Its good to talk to someone who knows.
So back to the drawing board, where was I going to buy from, I needed a truly independent shop, that had the product I was after and had some top flight levels of service. After a bit more research I found Bikechain Ricci in Redruth Cornwall. What a different experience with Richard Pascoe and staff. A quick call with Ricci and it was clear he and his staff are passionate about bikes and that they know their stuff. I sent Ricci my current bike measurements and my key body measurement. He was back within a day with the advice that for the CX I should really be riding a size down from my road bike. This would allow me to move my weight around the bike more easily to deal with a range of surfaces and terrain. This all made perfect sense and matched with the additional research I had done since my Evans experience. Ricci’s product knowledge and riding experience really shone through the whole process, so their it was decision made, deposit paid and estimated delivery date provided, mid November (a bit disappointing but never mind it will be worth the wait).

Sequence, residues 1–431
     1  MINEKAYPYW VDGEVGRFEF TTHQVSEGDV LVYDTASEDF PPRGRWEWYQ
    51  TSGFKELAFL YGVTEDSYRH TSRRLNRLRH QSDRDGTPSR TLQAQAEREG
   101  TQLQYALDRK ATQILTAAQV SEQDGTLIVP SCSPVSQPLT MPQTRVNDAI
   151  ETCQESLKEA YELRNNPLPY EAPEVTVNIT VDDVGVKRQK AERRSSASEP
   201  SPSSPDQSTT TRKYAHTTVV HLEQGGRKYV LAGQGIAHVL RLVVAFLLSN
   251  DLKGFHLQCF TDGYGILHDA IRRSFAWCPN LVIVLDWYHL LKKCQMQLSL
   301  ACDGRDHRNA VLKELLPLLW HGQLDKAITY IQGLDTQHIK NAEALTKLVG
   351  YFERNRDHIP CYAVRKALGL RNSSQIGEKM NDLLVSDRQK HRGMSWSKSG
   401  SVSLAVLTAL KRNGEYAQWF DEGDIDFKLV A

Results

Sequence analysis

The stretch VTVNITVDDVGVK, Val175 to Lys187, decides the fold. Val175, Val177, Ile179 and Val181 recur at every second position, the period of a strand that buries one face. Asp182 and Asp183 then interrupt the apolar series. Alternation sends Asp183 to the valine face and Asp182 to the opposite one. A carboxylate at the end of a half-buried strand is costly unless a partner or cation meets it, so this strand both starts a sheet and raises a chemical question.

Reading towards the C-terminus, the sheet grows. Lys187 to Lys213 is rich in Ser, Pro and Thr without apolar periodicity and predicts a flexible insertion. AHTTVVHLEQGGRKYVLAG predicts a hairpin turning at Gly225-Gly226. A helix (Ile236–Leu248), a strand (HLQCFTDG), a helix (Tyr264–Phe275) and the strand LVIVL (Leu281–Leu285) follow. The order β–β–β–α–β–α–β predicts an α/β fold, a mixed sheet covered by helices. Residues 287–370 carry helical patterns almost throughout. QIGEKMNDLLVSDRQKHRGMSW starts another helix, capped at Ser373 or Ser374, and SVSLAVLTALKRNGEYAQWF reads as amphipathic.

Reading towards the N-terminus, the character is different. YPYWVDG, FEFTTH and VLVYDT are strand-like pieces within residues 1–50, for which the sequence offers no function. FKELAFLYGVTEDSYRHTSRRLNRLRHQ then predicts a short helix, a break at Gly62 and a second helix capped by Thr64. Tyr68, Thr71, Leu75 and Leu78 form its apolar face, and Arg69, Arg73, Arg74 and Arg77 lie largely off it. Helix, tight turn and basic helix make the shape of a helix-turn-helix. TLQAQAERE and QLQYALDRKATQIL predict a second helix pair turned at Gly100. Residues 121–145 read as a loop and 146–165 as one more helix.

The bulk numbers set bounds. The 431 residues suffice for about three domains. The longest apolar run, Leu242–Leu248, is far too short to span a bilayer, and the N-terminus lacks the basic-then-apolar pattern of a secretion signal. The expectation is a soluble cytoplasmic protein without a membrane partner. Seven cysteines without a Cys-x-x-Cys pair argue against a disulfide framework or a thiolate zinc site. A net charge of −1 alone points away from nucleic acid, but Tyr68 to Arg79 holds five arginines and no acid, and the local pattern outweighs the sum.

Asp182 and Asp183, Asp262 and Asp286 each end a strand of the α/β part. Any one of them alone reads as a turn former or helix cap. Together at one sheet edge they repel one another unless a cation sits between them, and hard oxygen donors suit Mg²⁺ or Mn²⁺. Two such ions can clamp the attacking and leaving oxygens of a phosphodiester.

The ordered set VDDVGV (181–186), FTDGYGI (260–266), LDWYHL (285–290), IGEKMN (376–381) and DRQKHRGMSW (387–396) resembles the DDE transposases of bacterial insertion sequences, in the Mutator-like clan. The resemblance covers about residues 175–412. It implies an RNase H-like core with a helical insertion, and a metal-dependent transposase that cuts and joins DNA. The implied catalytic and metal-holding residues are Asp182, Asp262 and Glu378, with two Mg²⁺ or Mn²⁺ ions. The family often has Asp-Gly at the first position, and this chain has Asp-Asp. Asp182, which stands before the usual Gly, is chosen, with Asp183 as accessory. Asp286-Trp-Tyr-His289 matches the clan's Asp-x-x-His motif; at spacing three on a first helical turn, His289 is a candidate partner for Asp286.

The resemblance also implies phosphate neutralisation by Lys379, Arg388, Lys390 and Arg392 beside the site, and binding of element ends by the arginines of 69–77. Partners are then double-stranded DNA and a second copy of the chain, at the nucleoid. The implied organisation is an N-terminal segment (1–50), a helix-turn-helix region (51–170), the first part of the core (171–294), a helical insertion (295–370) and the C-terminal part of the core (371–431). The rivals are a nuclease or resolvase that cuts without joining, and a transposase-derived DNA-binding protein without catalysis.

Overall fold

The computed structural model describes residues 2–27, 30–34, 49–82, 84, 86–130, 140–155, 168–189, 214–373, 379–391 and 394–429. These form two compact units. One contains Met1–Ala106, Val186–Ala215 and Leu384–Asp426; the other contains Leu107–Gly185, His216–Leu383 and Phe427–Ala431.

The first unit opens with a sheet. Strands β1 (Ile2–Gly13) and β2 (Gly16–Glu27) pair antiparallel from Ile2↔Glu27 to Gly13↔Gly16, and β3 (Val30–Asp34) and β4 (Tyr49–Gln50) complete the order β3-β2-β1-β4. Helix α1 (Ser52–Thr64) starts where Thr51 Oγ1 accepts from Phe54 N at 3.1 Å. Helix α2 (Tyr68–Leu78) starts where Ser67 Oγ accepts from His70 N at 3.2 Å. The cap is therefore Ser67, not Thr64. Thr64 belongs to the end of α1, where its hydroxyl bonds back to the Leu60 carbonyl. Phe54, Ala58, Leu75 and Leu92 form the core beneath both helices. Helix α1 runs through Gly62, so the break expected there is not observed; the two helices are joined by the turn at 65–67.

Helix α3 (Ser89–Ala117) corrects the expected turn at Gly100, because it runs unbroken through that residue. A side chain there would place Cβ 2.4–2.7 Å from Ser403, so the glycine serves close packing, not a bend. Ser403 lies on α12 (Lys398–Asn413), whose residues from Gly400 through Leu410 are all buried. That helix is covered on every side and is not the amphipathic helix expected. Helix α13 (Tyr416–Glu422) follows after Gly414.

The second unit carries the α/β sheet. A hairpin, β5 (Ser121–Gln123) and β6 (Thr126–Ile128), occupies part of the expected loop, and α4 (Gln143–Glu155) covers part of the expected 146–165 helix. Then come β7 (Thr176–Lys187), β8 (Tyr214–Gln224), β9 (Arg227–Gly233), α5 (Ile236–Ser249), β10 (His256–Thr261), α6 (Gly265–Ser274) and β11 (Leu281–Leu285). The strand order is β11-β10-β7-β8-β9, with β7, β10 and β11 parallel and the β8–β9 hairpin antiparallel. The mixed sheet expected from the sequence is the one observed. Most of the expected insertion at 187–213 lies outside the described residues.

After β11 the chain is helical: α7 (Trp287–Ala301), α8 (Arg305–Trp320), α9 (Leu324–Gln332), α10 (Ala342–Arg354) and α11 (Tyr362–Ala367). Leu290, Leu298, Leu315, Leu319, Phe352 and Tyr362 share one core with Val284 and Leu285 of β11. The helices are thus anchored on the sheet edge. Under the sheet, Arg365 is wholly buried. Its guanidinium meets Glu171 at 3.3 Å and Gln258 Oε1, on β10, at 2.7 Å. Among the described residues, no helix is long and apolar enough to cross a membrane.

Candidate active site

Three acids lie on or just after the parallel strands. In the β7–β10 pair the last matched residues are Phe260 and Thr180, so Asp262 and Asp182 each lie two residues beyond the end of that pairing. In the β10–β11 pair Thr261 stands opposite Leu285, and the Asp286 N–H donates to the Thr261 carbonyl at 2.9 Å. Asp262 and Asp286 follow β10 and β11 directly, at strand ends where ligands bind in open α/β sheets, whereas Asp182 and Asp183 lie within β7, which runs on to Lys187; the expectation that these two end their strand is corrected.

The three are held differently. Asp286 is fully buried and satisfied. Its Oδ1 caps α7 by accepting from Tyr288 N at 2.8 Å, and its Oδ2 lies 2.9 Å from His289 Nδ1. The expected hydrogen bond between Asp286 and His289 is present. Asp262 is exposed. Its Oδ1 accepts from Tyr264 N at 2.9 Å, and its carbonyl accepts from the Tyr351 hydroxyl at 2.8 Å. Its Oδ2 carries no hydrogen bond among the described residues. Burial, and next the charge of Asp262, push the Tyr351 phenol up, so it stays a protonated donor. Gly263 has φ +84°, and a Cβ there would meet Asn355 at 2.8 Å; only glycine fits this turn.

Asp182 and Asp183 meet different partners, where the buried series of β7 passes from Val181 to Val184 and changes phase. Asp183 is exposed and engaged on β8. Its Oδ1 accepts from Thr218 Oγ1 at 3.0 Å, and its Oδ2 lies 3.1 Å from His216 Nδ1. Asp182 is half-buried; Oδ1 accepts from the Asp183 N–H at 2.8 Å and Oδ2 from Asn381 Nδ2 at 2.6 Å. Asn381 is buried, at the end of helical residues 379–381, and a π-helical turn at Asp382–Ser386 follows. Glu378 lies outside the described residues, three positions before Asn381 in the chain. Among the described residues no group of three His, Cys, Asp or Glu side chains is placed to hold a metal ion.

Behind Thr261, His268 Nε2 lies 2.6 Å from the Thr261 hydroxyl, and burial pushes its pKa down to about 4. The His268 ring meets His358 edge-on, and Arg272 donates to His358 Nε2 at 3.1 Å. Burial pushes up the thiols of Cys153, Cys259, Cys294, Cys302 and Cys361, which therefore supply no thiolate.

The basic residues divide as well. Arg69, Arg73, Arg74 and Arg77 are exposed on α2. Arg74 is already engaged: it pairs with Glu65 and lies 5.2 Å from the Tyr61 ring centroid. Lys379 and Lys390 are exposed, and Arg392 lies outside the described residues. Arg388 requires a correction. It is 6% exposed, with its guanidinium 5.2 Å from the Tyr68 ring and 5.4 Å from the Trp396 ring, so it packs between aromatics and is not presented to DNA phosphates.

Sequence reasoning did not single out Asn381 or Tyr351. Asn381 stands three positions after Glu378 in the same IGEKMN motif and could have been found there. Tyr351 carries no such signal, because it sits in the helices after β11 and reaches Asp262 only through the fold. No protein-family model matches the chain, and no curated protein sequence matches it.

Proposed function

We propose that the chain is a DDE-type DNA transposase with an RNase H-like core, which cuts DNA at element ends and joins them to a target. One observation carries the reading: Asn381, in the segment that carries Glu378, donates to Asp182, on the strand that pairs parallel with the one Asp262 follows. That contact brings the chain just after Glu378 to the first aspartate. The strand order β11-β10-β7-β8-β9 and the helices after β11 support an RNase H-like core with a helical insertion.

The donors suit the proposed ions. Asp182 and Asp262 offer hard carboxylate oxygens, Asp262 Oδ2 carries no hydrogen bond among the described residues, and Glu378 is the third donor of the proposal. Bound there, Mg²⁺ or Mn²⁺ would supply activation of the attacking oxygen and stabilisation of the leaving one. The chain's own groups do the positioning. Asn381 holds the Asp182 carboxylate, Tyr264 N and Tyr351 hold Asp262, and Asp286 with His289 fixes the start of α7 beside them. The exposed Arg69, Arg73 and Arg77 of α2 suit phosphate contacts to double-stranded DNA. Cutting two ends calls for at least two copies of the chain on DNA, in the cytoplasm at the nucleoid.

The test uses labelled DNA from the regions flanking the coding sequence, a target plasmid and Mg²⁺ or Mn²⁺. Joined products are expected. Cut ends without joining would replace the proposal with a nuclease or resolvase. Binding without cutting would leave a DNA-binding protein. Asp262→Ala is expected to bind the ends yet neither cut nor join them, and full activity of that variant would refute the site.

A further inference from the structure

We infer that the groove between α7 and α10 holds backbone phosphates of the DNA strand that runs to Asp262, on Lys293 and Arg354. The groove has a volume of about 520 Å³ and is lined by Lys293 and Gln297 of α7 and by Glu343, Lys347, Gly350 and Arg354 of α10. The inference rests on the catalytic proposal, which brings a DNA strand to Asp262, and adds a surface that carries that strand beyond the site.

Time to sit back and reflect on the whole process. I think an online review of Evans I have just found whilst writing this maybe sums up the experience better then I can “Evans cycles – the McDonalds of bicycles?” (http://road.cc/content/forum/92017-evans-cycles-macdonalds-bicycles) I am not sure I would call them the McDonalds but they are a bike supermarket with supermarket service. If its in stock and cheap great, otherwise give them a wide birth.